The morphology of the Tasmantid Seamounts: Interactions between tectonic inheritance and magmatic evolution
May 20, 2015

Authors: Richards, F., Kalnins, L., Watts, A., Cohen, B., Beaman, R.

Year: 2015

Publication: EGU General Assembly 2015, 12-17 April 2015. European Geophysical Union (EGU), Vienna, Austria


The Tasmantid seamounts extend for over 2000 km off the east coast of Australia and constitute one of three contemporaneous, sub-parallel Cenozoic hotspot tracks that traverse the region (the Tasmantid, Lord Howe, and East Australian volcanic chains), locally separated by as little as 500 km. Where dated, the three chains young from north to south, spanning ca. 34–6 Ma. At multiple locations, the Tasmantid chain intersects the extinct Tasman Sea spreading centre, which was active from 84 Ma to 53 Ma.

Detailed morphological analysis reveals a strong correlation between tectonic setting, seamount orientation, and volcanic structure. Seamounts at inside corners of the spreading segment-transform intersections are more rugged and constructed via numerous intersecting fissure-fed volcanic ridges, whereas off-axis seamounts tend to be conical with summit craters and isolated dyke-fed flank cones.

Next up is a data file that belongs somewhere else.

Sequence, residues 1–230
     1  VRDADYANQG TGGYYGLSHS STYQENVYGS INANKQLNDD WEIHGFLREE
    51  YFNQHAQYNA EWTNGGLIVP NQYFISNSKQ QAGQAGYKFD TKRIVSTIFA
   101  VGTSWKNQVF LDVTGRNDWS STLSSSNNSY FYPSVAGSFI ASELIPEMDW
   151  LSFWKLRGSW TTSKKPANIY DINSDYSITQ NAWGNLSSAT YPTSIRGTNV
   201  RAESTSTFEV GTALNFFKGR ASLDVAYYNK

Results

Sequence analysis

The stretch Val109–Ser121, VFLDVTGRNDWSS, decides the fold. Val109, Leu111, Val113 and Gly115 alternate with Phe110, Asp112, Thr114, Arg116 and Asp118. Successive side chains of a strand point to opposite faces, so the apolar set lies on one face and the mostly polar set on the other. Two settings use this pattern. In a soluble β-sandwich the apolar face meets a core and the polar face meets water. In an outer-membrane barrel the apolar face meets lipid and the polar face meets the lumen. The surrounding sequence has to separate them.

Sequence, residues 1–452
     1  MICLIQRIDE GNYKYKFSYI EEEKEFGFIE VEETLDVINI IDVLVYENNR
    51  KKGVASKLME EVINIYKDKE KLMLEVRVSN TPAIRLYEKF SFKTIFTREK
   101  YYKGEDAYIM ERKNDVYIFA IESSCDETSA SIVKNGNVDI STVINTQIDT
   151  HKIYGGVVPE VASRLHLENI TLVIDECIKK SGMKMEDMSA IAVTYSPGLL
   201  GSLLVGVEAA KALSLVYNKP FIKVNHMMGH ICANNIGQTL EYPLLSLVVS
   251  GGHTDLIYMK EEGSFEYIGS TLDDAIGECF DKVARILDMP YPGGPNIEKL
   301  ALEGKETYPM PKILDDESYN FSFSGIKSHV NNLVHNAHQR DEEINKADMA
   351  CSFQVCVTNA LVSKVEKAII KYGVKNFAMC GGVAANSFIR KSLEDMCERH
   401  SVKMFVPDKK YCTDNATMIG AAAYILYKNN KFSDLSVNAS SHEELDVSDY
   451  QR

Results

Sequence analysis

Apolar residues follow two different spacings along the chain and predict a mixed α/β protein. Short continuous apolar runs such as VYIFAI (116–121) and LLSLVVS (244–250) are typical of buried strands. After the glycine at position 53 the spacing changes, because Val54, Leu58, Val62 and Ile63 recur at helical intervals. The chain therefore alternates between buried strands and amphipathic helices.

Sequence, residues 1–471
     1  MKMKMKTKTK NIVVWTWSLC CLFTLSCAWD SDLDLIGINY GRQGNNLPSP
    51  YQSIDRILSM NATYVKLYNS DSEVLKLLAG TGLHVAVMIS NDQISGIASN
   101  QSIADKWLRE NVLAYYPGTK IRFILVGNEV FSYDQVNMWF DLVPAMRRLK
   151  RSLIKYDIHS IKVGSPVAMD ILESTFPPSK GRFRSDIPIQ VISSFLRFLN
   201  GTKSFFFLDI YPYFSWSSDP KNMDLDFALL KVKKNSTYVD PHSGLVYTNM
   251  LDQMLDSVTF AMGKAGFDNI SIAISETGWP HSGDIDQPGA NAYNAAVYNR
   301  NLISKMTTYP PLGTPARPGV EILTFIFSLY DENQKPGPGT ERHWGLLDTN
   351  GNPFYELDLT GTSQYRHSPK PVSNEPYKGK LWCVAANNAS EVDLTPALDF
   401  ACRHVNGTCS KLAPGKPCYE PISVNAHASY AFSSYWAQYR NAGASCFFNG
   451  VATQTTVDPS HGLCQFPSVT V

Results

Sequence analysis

In addition, the orientation of the Bouguer gravity anomaly highs, interpreted as magmatic conduits, and the long axes of the seamounts align closely with the principal stress directions expected for a ridge system in which strong mechanical coupling occurs across transform faults. Such a strong connection between the long-lived mantle upwelling, ridge structure, and subsequent dyke emplacement – despite the >= 20 Ma offset between spreading cessation and initial seamount emplacement – suggests deep faulting of the Tasman Sea oceanic lithosphere in order to channel melts along pre-existing structural trends.

Despite the large size of the edifices, up to ~4000m high, slope gradient and backscatter analysis along the chain point to sluggish mass wasting rates with few or no large sector collapse structures. In addition, most seamounts are associated with Bouguer gravity highs. Together, these features suggest that the seamounts have dense, coherent cores with high intrusive to extrusive volume ratios. This indicates low rates of melt generation and intralithospheric transport, implying that the thermal anomaly associated with the long-lived upwelling was relatively weak compared to the melting anomalies invoked for Hawaii, the archetypal plume-generated chain.

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